The Frequency Code
Since I was a child, I unconsciously decided that I should not talk like that
Talking like this seemed more intelligent, self-confident
Talking like that seemed frivolous, stupid
“Your voice is that of a hen, a goose”
What do animals have to do with any of this? I wondered …
And this led me on a journey into the specificity of my jaw, of my vocal cords, of my ears, of my tongue.
Since animals have been speaking long before us, it is well known that the main categories of phonemes used in languages are the result of the evolutionary adaptation of the human articulatory system to the auditory capabilities already developed in each vertebrate to distinguish events from their sound.
I am filling my mouth with scientific information and, without thinking about it, I have used…bass frequencies.
Since animal hearing was already specialized in the ability to deduce types of events from noises when language emerged (between two million and 50000 years ago), it could only adapt to the hierarchy of relevance of the already existing acoustic distinctions, organizing the system of articulatory differentiations accordingly.
Something makes me think that what I just described lacks the same credibility as before and that your ears would be better off in the company of a voice other than mine. Did you think so too?
In any case, what is it, if not articulate language, that has made us believe for centuries that we are the most intelligent of beasts on this planet?
We make a glaring mistake: we equate representation with language and are firmly convinced that we are the only ones in possession of one, but this is not the case, even non-human life forms have a representation of the world.
There is one thing upon which this representation is shaped… and this is pitch.
We know that the correlations acute: grave = small: large and acute: grave = light: dark ultimately depend on physical properties of sound and in particular on the fact that the wavelength of high notes is shorter than that of low notes, so that on average smaller bodies are needed to produce them - canaries, cats, whistles - than for low notes - owls, lions, trombones.
Eugène S. Morton showed that the correlation acute: grave = small: large is used in animal communication.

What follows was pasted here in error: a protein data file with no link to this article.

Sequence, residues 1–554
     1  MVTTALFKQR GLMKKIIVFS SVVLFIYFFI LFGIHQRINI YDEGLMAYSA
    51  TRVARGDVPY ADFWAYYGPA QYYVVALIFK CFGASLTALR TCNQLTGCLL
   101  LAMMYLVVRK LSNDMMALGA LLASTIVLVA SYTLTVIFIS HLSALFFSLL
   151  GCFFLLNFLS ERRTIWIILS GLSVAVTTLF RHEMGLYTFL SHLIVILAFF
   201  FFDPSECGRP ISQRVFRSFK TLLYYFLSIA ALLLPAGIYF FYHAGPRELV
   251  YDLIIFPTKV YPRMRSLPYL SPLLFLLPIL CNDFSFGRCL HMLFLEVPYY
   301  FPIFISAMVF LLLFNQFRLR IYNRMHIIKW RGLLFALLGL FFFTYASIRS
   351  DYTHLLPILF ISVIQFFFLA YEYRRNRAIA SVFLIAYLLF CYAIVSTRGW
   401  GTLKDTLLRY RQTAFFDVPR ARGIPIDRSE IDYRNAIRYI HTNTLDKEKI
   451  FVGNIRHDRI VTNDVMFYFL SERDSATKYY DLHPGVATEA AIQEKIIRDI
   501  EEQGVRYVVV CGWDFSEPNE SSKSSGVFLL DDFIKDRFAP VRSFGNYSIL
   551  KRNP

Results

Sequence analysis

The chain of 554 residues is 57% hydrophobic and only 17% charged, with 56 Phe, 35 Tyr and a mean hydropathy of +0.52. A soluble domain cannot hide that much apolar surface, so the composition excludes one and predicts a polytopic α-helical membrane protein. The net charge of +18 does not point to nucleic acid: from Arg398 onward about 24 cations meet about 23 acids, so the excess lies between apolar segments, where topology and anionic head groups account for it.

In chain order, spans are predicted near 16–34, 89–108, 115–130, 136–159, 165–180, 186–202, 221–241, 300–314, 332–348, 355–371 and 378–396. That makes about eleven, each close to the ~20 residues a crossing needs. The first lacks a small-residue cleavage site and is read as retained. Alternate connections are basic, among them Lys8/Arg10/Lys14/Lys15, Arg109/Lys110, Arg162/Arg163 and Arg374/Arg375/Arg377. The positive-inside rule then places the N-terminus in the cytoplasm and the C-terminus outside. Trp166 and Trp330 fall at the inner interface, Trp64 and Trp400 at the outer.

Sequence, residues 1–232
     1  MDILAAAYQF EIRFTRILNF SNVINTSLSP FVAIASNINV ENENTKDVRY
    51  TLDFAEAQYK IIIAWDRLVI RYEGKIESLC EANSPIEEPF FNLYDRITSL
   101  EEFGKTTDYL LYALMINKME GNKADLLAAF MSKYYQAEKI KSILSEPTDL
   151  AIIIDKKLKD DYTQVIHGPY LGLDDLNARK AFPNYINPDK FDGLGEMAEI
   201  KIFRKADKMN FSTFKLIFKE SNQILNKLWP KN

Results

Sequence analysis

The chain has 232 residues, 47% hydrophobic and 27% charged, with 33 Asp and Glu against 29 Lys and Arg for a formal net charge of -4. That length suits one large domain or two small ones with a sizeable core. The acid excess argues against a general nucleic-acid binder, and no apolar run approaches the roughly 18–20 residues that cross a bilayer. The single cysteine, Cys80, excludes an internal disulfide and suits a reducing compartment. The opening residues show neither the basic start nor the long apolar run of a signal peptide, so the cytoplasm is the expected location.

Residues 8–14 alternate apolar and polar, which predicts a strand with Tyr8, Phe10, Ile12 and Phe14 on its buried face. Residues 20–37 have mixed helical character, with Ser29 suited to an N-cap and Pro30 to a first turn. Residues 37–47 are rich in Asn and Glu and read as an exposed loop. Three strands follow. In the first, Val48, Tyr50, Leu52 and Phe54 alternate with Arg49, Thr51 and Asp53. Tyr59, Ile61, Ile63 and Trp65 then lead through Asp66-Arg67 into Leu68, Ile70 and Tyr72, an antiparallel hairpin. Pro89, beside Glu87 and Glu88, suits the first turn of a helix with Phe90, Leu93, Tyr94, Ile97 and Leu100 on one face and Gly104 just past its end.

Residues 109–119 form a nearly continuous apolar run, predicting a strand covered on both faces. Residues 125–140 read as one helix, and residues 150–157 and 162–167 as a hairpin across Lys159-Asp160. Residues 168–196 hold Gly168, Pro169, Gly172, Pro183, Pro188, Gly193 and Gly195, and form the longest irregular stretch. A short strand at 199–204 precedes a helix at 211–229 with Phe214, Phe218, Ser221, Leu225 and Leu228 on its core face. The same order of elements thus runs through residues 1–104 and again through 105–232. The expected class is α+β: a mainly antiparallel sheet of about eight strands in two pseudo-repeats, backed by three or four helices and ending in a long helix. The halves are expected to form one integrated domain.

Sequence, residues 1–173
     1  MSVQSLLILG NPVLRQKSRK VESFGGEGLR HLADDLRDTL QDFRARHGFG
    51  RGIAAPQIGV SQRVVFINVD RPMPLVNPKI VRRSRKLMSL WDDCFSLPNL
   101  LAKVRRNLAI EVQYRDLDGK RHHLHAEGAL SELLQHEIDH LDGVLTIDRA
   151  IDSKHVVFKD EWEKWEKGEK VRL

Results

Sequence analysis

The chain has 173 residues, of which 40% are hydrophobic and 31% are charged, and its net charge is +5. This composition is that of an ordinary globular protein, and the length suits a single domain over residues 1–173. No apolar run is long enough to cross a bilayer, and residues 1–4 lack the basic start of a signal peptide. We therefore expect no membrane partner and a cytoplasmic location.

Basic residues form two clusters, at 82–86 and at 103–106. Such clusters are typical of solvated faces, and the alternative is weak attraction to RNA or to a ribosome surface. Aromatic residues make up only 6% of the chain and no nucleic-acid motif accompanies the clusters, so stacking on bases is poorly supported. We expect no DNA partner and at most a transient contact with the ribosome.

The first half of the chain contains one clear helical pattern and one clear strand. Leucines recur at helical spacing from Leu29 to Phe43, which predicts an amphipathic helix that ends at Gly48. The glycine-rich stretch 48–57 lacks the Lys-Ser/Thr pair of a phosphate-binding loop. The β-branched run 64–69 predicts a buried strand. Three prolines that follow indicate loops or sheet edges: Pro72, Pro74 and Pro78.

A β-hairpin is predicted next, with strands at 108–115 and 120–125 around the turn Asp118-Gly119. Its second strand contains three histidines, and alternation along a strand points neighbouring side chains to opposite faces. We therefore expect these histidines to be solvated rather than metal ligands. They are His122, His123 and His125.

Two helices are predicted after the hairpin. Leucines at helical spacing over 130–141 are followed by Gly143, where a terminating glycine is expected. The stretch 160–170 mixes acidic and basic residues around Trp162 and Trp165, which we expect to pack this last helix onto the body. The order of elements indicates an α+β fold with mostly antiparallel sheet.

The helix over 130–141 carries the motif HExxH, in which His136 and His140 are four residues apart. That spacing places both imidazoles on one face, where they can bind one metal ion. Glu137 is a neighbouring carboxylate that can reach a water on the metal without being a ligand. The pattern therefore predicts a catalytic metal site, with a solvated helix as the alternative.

Studying intraspecific encounters in 56 species of birds and mammals, he saw that individuals tend to emphasize their own size or smallness, by means of grave or high-pitched sounds, to communicate their dominant or subordinate role. Sound, and in particular vocal intonation, plays an important role in conflict resolution by manipulating size perception. According to Morton, in a potentially hostile situation, dominant animals resort to harsh, relatively low frequency sounds, while less dominant animals use higher frequency sounds designed to indicate acquiescence and cordiality. In theory, an animal that hears a low-frequency voice, song or noise interprets it as coming from a larger animal and submits accordingly.
Phonetician John Ohala was intrigued by Morton's study of the relationship between vocal tone, size projection and conflict resolution and tried to find out if the same dynamic could be observed in humans. In 1984, he published an article in which he outlined what he described as the 'frequency code', an innately programmed system in humans that associates low-frequency, low-pitched voices with larger size and dominance, and high-frequency, high-pitched voices with smaller size and less dominance. In other words, humans are evolutionarily inclined to associate a lower pitch with aggression and confidence in their dominant role, and a higher pitch with weakness.
Thinking back to the question I asked earlier...this is about the phonosymbolism of size
... and nothing more.